Tuesday, April 10, 2007

A crucial debate on Europe’s anti-missile defences

Excerpts from a commentary of the Russian Minister for Foreign Affairs - Sergei Lavrov for the Financial Times regarding the debate over installation of US ABM systems in Poland and the Czech Republic:

The plan by the United States to deploy parts of its missile defence system in Europe has kicked off debate on an issue of vital importance to the continent: whether Europe needs anti-missile defences at all. This concerns everybody and the open debate testifies to the healthy state of European politics.

Russia is ready to take part in these discussions at all levels and in any format. One can only welcome the agreement reached recently by presidents Vladimir Putin and George W. Bush to hold consultations on the subject, in the context of collaboration on our joint security. We are ready to respond positively to any positive signals coming from the US.

What is the Russian position? First of all, for us – and for many others in Europe – it is unacceptable for anyone to use the continent as their own strategic territory. Any unilateral anti-­missile projects would fundamentally alter the continent’s geo-strategic landscape. It would also be an affront to all Europeans, as it would devalue the continent’s pan-European and multi­national organisations – including Nato and the European Union – which we were told until just recently were the keystones of European security.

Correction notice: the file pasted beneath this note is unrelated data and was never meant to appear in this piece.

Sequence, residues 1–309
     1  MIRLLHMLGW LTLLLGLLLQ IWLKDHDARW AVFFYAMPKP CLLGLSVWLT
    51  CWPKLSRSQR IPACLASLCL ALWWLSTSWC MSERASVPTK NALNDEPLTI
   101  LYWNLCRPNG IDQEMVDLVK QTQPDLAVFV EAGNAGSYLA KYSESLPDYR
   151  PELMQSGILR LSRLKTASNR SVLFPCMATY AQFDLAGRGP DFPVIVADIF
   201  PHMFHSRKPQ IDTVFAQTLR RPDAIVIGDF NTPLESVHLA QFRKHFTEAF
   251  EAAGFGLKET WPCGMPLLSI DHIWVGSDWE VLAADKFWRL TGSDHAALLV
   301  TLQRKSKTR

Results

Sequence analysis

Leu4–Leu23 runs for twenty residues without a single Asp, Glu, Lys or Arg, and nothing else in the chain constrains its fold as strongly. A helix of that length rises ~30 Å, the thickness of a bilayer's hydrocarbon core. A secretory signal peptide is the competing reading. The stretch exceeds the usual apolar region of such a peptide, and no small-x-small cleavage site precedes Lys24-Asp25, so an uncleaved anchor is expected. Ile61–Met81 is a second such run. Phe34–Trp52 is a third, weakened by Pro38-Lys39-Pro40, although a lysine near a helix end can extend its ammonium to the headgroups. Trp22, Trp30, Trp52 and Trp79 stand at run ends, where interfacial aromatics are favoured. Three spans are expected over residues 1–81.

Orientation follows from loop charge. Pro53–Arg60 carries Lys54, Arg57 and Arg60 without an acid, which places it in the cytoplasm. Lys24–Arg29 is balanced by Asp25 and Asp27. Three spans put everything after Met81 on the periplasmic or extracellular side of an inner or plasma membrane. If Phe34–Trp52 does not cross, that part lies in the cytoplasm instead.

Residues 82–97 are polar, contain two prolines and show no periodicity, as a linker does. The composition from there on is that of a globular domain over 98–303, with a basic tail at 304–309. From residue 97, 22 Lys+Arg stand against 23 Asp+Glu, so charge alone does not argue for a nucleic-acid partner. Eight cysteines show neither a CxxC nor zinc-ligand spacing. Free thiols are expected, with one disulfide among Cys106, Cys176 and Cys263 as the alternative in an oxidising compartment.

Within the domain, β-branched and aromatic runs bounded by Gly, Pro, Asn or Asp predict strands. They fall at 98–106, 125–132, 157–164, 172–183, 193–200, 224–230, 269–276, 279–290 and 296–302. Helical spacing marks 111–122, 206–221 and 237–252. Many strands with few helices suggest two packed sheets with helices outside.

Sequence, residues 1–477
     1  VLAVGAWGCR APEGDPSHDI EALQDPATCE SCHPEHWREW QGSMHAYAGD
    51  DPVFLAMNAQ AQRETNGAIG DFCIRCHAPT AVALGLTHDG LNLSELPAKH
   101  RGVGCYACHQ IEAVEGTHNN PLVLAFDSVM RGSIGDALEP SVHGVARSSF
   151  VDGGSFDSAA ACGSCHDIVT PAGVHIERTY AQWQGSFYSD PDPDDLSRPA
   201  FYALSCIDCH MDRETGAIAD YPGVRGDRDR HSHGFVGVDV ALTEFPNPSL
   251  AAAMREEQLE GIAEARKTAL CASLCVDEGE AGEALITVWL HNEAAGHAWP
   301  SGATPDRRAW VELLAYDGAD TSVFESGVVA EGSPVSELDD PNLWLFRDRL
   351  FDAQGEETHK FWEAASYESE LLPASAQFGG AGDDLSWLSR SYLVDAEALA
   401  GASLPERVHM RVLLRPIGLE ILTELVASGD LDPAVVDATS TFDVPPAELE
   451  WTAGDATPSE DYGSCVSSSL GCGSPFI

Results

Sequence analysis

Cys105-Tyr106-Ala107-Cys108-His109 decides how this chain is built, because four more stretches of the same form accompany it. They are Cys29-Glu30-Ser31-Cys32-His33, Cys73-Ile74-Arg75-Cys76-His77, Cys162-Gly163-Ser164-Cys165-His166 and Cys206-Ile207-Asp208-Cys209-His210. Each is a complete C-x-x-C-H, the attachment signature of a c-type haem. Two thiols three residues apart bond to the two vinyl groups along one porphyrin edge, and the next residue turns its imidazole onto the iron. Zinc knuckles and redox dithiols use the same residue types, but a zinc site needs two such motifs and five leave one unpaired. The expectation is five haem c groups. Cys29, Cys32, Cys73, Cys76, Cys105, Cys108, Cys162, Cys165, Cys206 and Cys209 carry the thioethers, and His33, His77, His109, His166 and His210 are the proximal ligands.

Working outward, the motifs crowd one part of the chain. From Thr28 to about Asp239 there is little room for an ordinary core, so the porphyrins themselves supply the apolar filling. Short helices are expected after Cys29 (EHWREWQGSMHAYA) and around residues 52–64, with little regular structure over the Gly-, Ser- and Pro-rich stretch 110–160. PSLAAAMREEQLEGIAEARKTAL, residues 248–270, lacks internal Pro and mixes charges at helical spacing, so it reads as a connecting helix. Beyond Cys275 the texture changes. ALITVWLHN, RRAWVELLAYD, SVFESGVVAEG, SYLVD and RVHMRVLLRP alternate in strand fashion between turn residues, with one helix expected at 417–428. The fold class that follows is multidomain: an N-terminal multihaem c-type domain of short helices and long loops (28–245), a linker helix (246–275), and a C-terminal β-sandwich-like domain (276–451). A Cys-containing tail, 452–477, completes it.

We favour an integrated approach to solving the problems of the Euro-­Atlantic region – in a trilateral format, including Russia, the EU and the US. No side should have any suspicions about what the other two partners are doing. It solves the problem of maintaining the integrity of European policy and safeguarding it from dangerous fragmentation. It would also streng­then the transatlantic bond – but in an inclusive way, with the participation of Russia and other countries that do not belong to Nato or the EU. <...>

Fifth, discussion of a missile shield in Europe marks a watershed in European politics. Nothing can replace co-operation in security, which demands such a high level of mutual trust, or in overcoming the past and rebuilding the unity of the continent.

Either we take a decisive step forward, or European politics will go into reverse, bearing out the fears of those who saw in the expansion of Nato and the EU the potential for new dividing lines to be drawn in Europe.

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